We welcome both traditional conference papers, as well as more experimental forms of (analogue or digital) argumentation, narrativising and delivery of your digiTAG II presentation. Please submit your abstracts (up to 250 words) email@example.com by 15 November.
We hope to hear from you & don’t hesitate to contact us with questions. The full CFP is copied below:
TAG and the CAA present…
digiTAG 2: Archaeological Storytelling and the ‘Digital Turn’
Dr. James Taylor (University of York) – primary correspondant.
In April of 2016 the Theoretical Archaeology Group (TAG) teamed up with the Computer Applications and Quantitative Methods in Archaeology (CAA) conference to run a successful Digital TAG (digiTAG) session in Oslo, Norway. This session sought to question, challenge, appraise and reconceive the epistemological and research-oriented implications of the digital turn in archaeology, including its larger social, political and economic consequences.
That event, building on a long history of engagement with digital processes and digital media at both the TAG and CAA conferences, brought together 15 practitioners from around the world working in all domains of archaeology–from the lab to the field, from the museum to the classroom. Here they situated their (and others’) use of digital technologies within wider theoretical contexts, and with critical self-awareness, thereby opening up a space for rigorous evaluations of impact and reflections on overall disciplinary change. digiTAG 2 now aims to build upon the success of the first digiTAG, extending critical conversation about the discipline’s digital engagements at a finer-grained level in concert with a diverse audience of theoretical archaeologists.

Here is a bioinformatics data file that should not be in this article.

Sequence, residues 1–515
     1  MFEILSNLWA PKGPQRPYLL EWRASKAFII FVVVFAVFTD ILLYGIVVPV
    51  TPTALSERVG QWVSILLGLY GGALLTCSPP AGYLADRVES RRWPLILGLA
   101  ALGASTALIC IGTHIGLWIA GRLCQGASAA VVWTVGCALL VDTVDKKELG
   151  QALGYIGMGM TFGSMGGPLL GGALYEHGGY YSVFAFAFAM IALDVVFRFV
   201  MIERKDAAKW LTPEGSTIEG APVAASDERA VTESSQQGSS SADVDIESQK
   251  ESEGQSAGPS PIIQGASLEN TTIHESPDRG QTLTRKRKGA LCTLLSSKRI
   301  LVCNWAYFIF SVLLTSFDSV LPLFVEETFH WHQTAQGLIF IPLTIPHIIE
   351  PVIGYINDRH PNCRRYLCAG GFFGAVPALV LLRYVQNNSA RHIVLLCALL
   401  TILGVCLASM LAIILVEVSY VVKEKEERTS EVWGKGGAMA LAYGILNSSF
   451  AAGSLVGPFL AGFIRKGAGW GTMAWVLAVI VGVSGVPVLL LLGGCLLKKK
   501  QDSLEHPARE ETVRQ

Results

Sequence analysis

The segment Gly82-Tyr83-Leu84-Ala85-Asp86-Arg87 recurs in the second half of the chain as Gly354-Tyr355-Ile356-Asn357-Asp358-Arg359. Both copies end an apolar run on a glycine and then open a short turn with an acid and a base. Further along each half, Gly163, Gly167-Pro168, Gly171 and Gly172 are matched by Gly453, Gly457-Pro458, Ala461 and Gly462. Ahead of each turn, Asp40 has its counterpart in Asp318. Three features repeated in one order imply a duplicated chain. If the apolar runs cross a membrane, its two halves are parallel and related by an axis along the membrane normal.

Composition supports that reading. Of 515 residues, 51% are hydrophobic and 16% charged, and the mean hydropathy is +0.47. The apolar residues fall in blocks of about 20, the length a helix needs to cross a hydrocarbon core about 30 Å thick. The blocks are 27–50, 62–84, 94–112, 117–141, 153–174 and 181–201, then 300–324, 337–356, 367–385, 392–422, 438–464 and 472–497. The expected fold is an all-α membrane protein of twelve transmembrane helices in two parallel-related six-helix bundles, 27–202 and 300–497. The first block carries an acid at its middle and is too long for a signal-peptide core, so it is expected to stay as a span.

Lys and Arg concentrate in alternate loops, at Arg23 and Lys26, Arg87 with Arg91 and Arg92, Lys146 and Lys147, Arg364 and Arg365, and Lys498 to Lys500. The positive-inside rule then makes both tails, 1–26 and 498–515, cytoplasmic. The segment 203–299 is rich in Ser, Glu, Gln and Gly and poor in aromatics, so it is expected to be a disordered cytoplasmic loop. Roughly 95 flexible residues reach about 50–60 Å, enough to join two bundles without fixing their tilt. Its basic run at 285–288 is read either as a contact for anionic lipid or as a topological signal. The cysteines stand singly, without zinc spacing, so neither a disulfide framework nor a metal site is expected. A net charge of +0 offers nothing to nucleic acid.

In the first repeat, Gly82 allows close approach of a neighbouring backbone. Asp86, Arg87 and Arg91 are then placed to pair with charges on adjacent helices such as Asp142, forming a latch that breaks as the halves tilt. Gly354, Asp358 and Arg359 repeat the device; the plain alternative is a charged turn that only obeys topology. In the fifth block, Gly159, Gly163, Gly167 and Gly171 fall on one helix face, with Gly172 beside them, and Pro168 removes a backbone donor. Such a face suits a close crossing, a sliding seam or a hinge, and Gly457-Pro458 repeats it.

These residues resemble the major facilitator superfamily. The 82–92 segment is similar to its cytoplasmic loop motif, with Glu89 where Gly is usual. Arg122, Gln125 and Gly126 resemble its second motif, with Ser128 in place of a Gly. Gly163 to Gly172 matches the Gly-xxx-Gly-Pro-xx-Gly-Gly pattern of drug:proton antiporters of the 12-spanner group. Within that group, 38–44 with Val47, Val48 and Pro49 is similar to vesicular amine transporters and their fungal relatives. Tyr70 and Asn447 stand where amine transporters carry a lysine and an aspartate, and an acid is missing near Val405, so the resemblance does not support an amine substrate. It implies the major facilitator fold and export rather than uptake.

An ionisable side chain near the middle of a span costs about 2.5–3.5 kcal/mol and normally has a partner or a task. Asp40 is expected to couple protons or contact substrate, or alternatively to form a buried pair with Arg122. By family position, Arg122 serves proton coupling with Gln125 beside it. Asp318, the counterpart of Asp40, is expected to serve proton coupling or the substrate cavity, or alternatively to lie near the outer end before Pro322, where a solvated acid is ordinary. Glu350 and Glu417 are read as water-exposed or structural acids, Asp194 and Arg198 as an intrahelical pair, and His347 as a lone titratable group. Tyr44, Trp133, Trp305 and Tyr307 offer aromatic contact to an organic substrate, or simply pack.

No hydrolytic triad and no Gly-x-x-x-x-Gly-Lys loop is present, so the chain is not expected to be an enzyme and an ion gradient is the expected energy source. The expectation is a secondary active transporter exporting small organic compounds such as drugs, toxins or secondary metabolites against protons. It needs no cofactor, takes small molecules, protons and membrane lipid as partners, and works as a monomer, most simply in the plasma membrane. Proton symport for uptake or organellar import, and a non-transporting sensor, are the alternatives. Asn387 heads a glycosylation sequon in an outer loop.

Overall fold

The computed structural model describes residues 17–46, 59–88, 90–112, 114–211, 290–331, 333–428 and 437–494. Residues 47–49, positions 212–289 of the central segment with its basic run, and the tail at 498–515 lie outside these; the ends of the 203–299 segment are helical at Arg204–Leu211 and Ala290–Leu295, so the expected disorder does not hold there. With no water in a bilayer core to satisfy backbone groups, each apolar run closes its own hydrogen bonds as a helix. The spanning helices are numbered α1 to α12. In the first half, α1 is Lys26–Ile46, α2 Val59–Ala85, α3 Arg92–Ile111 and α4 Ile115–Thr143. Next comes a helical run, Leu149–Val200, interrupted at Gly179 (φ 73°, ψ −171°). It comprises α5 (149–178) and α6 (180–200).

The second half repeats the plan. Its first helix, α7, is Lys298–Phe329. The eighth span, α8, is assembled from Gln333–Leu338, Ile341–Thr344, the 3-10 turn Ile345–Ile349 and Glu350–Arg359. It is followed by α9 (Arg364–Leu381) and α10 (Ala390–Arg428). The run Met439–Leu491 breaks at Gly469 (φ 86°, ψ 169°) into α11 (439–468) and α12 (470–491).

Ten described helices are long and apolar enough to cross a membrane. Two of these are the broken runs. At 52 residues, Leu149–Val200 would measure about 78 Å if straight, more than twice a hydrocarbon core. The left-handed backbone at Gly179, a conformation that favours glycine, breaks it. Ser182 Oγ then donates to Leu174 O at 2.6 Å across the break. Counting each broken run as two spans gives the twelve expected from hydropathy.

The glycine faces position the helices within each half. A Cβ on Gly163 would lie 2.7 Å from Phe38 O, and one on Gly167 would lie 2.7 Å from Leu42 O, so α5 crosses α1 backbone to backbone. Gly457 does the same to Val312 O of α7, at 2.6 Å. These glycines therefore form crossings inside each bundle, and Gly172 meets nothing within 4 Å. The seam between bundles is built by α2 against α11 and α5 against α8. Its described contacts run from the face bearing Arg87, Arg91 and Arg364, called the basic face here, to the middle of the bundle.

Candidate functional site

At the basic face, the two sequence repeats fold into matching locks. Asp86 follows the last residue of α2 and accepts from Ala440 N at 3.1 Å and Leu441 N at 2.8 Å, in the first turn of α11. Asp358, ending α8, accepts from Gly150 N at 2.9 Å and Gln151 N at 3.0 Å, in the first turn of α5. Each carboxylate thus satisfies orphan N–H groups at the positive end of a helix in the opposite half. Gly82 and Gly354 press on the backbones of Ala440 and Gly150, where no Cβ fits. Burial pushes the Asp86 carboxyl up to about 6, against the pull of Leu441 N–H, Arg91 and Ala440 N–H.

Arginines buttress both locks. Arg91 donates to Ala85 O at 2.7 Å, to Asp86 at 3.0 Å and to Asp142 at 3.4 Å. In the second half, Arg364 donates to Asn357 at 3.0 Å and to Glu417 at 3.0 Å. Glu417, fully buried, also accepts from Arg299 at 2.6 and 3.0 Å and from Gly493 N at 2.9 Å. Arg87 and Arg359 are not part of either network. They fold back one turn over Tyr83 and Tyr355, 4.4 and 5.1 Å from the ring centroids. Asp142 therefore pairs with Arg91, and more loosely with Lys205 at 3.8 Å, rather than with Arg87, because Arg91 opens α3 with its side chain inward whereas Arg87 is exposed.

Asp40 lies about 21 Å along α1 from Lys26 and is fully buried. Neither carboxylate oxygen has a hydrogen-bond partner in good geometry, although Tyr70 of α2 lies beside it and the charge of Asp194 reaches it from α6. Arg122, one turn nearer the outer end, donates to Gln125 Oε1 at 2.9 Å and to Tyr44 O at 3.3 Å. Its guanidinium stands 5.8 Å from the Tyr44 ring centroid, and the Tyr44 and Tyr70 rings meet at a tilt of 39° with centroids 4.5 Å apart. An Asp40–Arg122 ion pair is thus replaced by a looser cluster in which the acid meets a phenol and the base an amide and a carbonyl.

However, digiTAG 2 seeks to narrow our discussion, in specific, on the concept of digital storytelling and the ramifications of the digital turn on larger interpretations of the past. Given the frequency and intensity with which digital media are now enrolled to structure, articulate, visualise and circulate information for the production of archaeological narratives, we invite participants to present papers that critically consider the impact of the digital turn upon archaeological interpretation and archaeology’s many stories.
Whether you direct your digital engagements at professional, academic or non-specialist audiences – whether you deploy digital tools for data collection, data analysis, synthesis, and dissemination or beyond – we ask, how are your stories affected? Does the digital enable new and different narratives? Does it extend or narrow audience engagement? When does it harm or hinder, complicate or obfuscate? And when – and for whom – does it create richer, more meaningful storytelling about the past?
To explore these questions, we encourage both traditional conference papers, as well as more experimental forms of (analogue or digital) argumentation, narrativising and delivery of your talk. Ultimately, digiTAG 2 aims to delve into the critical implications of archaeologists’ use of digital technologies on processes of knowledge creation.
Submit titles & abstracts (up to 250 words) to firstname.lastname@example.org by 15 November 2016.